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Special Majors

General Information


With permission of the departments and/or programs concerned, it is possible for a student to plan an individualized special major that includes closely related work in one or more departments.  See more about this in the "Details from the Registrar" section below.


In some areas, such as educational studies, medical anthropology, biochemistry or neuroscience, in which special majors are done frequently, the departments and programs involved provide recommended programs. These regularized special majors are described in the relevant department sections of the catalog or in material available from department chairs.


A special major is expected to be integrated in the sense that it specifies a field of learning (not necessarily conventional) or topic or problems for sustained inquiry that crosses departmental boundaries, or it may be treated as a subfield within the normal departmental major. Special majors consist of at least 10 credits and normally of no more than 12 credits. Students with special majors normally complete a minimum of six courses in the primary department or program, omitting some of the breadth requirements of the major field. However, course requirements central to systematic understanding of the major field may not be waived. Students with special majors must complete the major comprehensive requirement, which may consist of a thesis or other written research projects designed to integrate the work across departmental boundaries, or a comprehensive examination. By extension, special majors may be formulated as joint majors between two departments, normally with at least 5 credits in each department and 11 in both departments. The departments involved collaborate in advising and in the comprehensive examination. Students are not allowed to pursue more than one individualized special major.

Details from the Registrar

Individualized special majors require significant planning, many approvals, and almost inevitably change over time which then require more approvals, more signatures, etc. All this work may feel excessive, but it is important on many levels. Requiring the signatures is a way to get you to have the meetings that help you get the advising you need to successfully complete the special major. The fact that you will construct and probably later re-construct the special major is hard work indeed. Please expect and forgive that you really will have to complete the special major form again, meeting with faculty and collecting signatures again, every time you change your individualized special major.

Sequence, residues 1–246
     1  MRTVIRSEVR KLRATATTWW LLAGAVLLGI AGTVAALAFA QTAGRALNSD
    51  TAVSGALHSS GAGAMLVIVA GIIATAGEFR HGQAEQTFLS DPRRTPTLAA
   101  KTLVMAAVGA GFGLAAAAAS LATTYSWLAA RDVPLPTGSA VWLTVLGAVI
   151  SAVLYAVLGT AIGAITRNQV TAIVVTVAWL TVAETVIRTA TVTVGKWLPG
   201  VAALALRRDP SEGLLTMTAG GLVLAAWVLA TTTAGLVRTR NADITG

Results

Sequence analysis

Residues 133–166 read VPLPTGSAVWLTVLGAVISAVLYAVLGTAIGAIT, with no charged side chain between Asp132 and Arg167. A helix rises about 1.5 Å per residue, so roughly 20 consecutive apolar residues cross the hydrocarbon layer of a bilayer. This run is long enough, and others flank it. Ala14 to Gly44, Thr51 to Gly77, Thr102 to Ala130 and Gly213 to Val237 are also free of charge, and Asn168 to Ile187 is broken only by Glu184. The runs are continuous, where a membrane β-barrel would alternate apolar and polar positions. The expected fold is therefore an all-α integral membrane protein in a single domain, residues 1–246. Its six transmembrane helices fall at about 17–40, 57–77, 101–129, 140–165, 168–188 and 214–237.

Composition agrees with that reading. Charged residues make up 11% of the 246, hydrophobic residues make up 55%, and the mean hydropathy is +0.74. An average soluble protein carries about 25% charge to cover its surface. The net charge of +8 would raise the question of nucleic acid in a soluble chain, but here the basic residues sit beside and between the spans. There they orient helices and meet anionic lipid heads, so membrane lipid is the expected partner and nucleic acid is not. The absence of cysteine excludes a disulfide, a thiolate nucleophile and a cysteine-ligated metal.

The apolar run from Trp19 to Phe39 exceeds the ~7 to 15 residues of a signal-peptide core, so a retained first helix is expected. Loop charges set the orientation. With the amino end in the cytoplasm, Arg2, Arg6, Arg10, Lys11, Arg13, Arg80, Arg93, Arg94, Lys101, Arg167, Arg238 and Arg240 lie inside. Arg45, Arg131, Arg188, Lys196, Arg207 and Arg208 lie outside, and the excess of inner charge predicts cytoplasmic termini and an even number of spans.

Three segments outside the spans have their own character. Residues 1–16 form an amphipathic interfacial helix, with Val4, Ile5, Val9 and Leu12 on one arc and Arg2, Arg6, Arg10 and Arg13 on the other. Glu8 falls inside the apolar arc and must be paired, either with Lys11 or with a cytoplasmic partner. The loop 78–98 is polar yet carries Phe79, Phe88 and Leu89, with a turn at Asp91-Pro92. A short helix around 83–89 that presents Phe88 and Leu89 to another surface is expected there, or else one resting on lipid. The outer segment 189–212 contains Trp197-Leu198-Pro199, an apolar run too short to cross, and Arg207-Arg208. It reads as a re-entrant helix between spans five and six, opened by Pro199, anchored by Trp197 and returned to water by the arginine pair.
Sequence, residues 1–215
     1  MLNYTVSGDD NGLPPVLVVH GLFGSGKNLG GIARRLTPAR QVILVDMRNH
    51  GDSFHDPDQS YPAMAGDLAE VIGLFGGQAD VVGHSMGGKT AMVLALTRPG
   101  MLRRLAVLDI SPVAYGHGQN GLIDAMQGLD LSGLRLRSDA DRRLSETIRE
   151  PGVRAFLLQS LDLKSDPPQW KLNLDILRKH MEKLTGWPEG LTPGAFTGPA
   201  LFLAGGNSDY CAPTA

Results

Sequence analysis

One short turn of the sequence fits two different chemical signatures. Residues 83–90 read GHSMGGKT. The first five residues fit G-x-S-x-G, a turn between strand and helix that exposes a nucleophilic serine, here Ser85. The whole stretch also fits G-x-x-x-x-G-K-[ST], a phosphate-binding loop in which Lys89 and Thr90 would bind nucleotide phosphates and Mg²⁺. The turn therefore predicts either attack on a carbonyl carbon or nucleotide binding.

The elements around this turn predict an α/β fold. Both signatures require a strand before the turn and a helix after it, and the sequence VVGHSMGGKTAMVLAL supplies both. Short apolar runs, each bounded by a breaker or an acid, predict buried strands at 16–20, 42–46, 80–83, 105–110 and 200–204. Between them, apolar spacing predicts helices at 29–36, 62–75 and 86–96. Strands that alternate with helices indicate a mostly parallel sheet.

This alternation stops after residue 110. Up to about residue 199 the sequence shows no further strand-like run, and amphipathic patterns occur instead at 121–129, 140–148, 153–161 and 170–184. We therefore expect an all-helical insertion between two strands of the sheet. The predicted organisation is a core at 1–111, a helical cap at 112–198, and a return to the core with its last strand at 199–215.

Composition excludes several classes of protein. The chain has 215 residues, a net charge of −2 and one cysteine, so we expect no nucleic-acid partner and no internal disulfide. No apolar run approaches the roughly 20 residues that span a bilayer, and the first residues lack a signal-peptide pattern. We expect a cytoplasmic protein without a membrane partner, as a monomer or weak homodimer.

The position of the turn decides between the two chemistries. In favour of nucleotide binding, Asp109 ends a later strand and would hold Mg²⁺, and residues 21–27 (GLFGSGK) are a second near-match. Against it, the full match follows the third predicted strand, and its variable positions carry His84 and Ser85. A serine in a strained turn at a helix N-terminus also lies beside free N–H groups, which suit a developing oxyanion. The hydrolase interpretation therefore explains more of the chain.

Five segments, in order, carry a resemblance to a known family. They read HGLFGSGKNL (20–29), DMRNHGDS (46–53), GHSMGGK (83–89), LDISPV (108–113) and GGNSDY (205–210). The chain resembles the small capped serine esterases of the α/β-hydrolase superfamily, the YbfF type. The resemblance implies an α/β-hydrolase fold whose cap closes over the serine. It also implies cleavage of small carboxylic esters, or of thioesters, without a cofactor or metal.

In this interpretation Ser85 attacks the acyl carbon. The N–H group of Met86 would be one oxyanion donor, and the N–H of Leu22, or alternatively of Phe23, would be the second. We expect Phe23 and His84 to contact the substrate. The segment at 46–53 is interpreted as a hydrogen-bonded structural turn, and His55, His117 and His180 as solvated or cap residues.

The Special Major Application form provides structure and helps students organize their special major: Special Major form [pdf]

For both regularized and individual special majors:

The 20 course rule: The 20 course rule (requiring 20 credits outside the major) is automatically fulfilled by special majors through meeting the 32 credit degree requirement and at the same time fulfilling the defined 10-12 credits required for the special majors. The defined list of special major courses becomes the list to be counted as "inside the major," and the maximum permitted is 12 credits, so 32 minus 12 is 20 for all special majors. (Note that this approach to the 20 course rule is different from the approach for regular majors, where students need 20 credits with subjects that are different from, that is, "outside," their major subject.

The 20 credits can come from all kinds of degree-applicable credit

AP credit counts (outside your major subject)

Transfer credit counts (outside your major)

Half-credit courses count (outside your major)

For double majors, the 20 course credit rule is calculated as if you had only one major

You only have to complete the rule once, from the perspective of either one of your majors (not both)

The senior comprehensive requirement: All majors, including special majors, must fulfill a comprehensive requirement to graduate (or earn a degree with honors). The "comp" for course special majors is usually similar to the one fulfilled by regular majors in the department of the special major's Faculty Adviser. Careful planning of the senior comprehensive must be done with the faculty adviser, who has responsibility for certifying fulfillment of the comprehensive requirement and of the special major.

Double counting limits: If a student has two majors and one is an interdisciplinary special major, no more than 2 credits may be double counted with the student’s other major. The rules against double counting in the minor also pertain, see the overlap rule: Overlap Checksheet [pdf]

No special minors: Special minors are not permitted at Swarthmore.

Only one individualized special major: Students may have up to two majors, only one of which may be an individualized special major. With the normal departmental approvals, the other one (or both) may be a regularized special major, such as biochemistry or neuroscience.

Honors Minor Arising From The Course Second Special Major:

  • In the case where an Honors student does a special major in course as a second major, the Honors minor (which cannot be exactly the same as the course special major because there are no Honors special minors) must come from one of the main departments used in the student's special course major. Normally the student must complete the requirements for the Honors minor in that department. Students should confer with the Honors Coordinator about this.